EWI, which is en route to listing on Bursa Malaysia, has three projects in London, namely the London City Island Phase 2 in East London, Embassy Gardens in Nine Elms, and Wardian London facing the Canary Wharf. All three were launched last year.

“For EWI specifically, it should be noted that through our proposed initial public offering we will be raising equity in ringgit. Now that the sterling has dropped it means that the cost we have to inject into the UK to pay for the developments there will be lower,” he points out.

Meanwhile, in a statement reacting to the results of the UK referendum, Sime Darby Bhd, which is undertaking the Battersea Power Station project has reiterated its long term commitment to the venture.

“The results of the referendum is not expected to impact the viability of the project.

“We are confident the iconic development will continue to generate interest in the longer term and that London will continue to remain a key investment destination and financial centre,” it said.

Sime Darby has a 40% stake in Battersea. The other joint venture partners are SP Setia Bhd and the Employees Provident Fund with 40% and 20% respectively.

A research note by MIDF Research said global capital markets may take some time to adjust to the Brexit vote which could have adverse repercussions on businesses.

Its group managing director Datuk Mohd Najib Abdullah said that as a result of Brexit, the world is moving into a period of elevated uncertainty, with risk appetite plunging in a flight to safety and security.

As the UK is an important market for Malaysian exporters and an important source of foreign direct investments, any economic malaise from Europe will inevitably affect Malaysia in the longer term, Aboth directly and indirectly, MIDF said. – By afiq Isa The Star

Windfall for Malaysian parents of children studying in Britain 

Parents with children studying in Britain are heaving a sigh of relief because the pound has weakened following Brexit.

The ringgit closed at RM5.66 to the pound yesterday, a drop of 4.67% compared to a month ago when it was RM6.03.

Parent Action Group for Education Malaysia chairman Datin Noor Azimah Abdul Rahman said tuition fees would be more affordable.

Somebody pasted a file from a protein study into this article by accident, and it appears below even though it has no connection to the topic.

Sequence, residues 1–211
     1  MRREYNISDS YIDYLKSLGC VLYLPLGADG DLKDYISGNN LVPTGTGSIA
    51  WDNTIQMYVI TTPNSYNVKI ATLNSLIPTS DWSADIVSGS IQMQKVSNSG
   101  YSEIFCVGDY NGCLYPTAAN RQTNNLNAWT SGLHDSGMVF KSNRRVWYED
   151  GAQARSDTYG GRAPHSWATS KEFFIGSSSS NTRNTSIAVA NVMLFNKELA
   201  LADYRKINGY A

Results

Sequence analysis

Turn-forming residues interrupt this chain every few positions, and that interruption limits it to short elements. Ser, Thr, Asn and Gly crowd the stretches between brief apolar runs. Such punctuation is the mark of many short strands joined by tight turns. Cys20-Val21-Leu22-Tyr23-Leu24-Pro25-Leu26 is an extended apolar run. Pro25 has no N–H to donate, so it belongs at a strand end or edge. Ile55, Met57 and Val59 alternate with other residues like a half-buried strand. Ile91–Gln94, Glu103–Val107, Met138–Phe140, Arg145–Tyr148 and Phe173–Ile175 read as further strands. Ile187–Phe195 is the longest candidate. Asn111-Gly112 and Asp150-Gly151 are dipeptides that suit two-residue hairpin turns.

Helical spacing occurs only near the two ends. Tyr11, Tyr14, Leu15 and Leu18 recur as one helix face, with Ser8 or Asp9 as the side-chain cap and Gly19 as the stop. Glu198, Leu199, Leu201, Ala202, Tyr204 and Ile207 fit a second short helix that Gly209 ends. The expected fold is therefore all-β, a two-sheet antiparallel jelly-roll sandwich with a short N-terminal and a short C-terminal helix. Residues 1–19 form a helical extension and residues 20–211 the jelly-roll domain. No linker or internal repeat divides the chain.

“For parents who couldn’t afford it initially, they may change their minds now,” she said when contacted.

She added that one should look at the positive instead of focusing on the negative implications.

A parent, who asked to be identified only as Auntie Chris, has a son studying biotechnology at Imperial College London, and said: “We are liquidating our accounts to take advantage of the drop in the pound, which is great news.”

She said her son, who is in his second year, planned to pursue his master’s in Britain after graduation but had put his plan on hold due to the strong pound.

“We asked him to work first, after graduating, due to the financial constraints but with the pound dropping significantly, going for his master’s may be back on the table,” she said.

Another parent, Azura Abdullah, said she did not expect her son’s tuition fees to increase any time soon.

Her son is a second-year law student at University of Exeter.

Some parents were fearful of Britain’s exit from the European Union.

Despite the weakened pound, Azura felt the price of goods may increase in the short term because Britain could no longer leverage on EU trade deals, which could increase the cost of living there for her son.

“But we hope to offset this with the lower currency rate as the pound will devalue in the short to middle term,” Azura added.

Auntie Chris said she was worried that Britain’s decision may affect job prospects for Malaysians over there.

“If Britain goes into recession, it will affect job prospects for new graduates,” she said, adding that immigration controls may also be tightened following Brexit.

Chief executive officer and provost of the University of Nottingham Malaysia campus Prof Christine Ennew said parents should expect cheaper education.

“Students should be able to do more with their money in the UK, at least in the short term, say over the next couple of years,” she said.

Prof Ennew admitted that there could be some concerns over the issuing of student visas.

“However, Boris Johnson, one of the leading figures in the Brexit camp, has always been very supportive of international students and this should give some reassurance that the visa regime will not necessarily become harder for students from outside the EU,” she said.